Rather than a separate structure, it turns out that Galle Fort actually encompasses Old Town Galle that lies within the protective walls. The original Portuguese fort was apparently more of a separate structure. The Dutch captured Galle in 1640, though, and later they expanded its walls to encompass the town and the entire peninsula creating a major stronghold. The fort and Old Town Galle are now a UNESCO World Heritage site.

Old Town Galle viewed from a fort seawall

Rejoining our driver, he drove us a block or two within Old Town to Elita Restaurant, a café clearly geared to tourists, but offering really delicious seafood (at tourist prices). The chef is a local guy who trained in Belgium. We’d hoped for Sri Lankan food, but couldn’t find it in ourselves to be the least disappointed in fresh tuna steak and shrimp … and cold Lion beer!

We sat on a pretty front porch, painted bright yellow, where a wall-mounted oscillating fan offered fleeting, heavenly respite from the heat. While sipping our beers and waiting on lunch, we chatted with a pair of young Belgian women who’d been traveling in Sri Lanka for three weeks. Their glowing reports combined with similar we’d heard from a German man we met in Munduk (who’d spent a month in Sri Lanka and raved about the wildlife) were definite enticements to return for a real stay.

David at our table under cover of the porch with the Belgians braving the darkening skies. (They soon moved up to share the shelter from the rain… and the ceiling fan.)

Post lunch, we were driven another few blocks to the Galle lighthouse. The sunny day had given way to drizzle while we ate and a major storm was gathering in the distance, so we grabbed our umbrellas before walking along a jetty-like wall to the lighthouse then set out to explore the shops and old buildings of Old Galle.

To the Galle Lighthouse
Storm clouds gathering at a beach by the Galle Lighthouse, prelude to a downpour

Spices, tea and jewelry are major commodities in Sri Lanka and on offer in nearly every Galle shop. Needing nothing but a little nutmeg for rum punches aboard the ship, we bought only a pack of 5 fresh nutmeg pods.

Old Galle

Back on the street, we kept exploring the narrow roadways of Old Galle until increasing rain led us to take shelter in a little free museum called the Historical Mansion. The cluttered museum is a lure for jewelry shops, but it’s interesting nonetheless set in an old Portuguese building and displaying artifacts from colonial days, an old kitchen, and a central courtyard complete with well. A jewelry maker demonstrated metal work beside the courtyard where a deluge of rain now created waterfalls from the roof. We briefly browsed the jewelry–some of it of impressive quality–then set out into the downpour and booming thunder to find our driver since it was time to head back to Colombo.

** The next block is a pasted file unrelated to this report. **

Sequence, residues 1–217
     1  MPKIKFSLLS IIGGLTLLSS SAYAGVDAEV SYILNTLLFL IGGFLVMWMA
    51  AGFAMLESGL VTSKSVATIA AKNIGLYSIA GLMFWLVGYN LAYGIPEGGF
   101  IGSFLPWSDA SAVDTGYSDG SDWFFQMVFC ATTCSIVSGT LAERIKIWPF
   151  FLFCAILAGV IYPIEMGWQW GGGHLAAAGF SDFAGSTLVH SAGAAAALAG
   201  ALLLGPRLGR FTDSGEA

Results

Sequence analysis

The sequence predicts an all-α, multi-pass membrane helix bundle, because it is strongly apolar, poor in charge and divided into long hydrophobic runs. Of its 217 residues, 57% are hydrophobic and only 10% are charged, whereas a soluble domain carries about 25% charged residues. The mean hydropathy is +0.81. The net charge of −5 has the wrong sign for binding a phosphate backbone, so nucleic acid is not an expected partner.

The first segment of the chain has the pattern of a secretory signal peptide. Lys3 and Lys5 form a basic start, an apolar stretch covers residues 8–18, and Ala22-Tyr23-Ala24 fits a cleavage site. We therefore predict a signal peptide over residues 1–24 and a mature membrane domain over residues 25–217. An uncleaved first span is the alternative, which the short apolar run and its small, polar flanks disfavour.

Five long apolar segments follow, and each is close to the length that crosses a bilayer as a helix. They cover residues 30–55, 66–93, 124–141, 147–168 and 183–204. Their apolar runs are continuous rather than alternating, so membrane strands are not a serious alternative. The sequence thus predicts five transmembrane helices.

Historical Mansion in Old Galle
Cluttered museum area of the Historic Mansion
A jewelry maker works beside the Historic Mansion courtyard as heavy rain falls.

Heading back to the carHeavy rain continued all the way back into Colombo and we declined the chance to visit a Hindu temple in the deluge, opting to head back to the ship nearly an hour early. Oh well, we got to see Galle in sunny weather and do most of what we wanted, so overall, we counted the day a success. We saw just enough of Sri Lanka to leave us pondering a return visit when we’re back in this part of the world next spring. The Port shuttle was waiting as promised when we arrived at Gate 01 .


Practical info: We paid Sanki Leisure a total of $195 US for our private driver/”guide” for the day. I paid $98 deposit via PayPal and the balance in cash (US dollars) to the driver upon arrival. For comparison’s sake, Celebrity wanted $179.75 per person for a daytrip to Galle which included lunch at the Jetwing Lighthouse Hotel and a folk museum.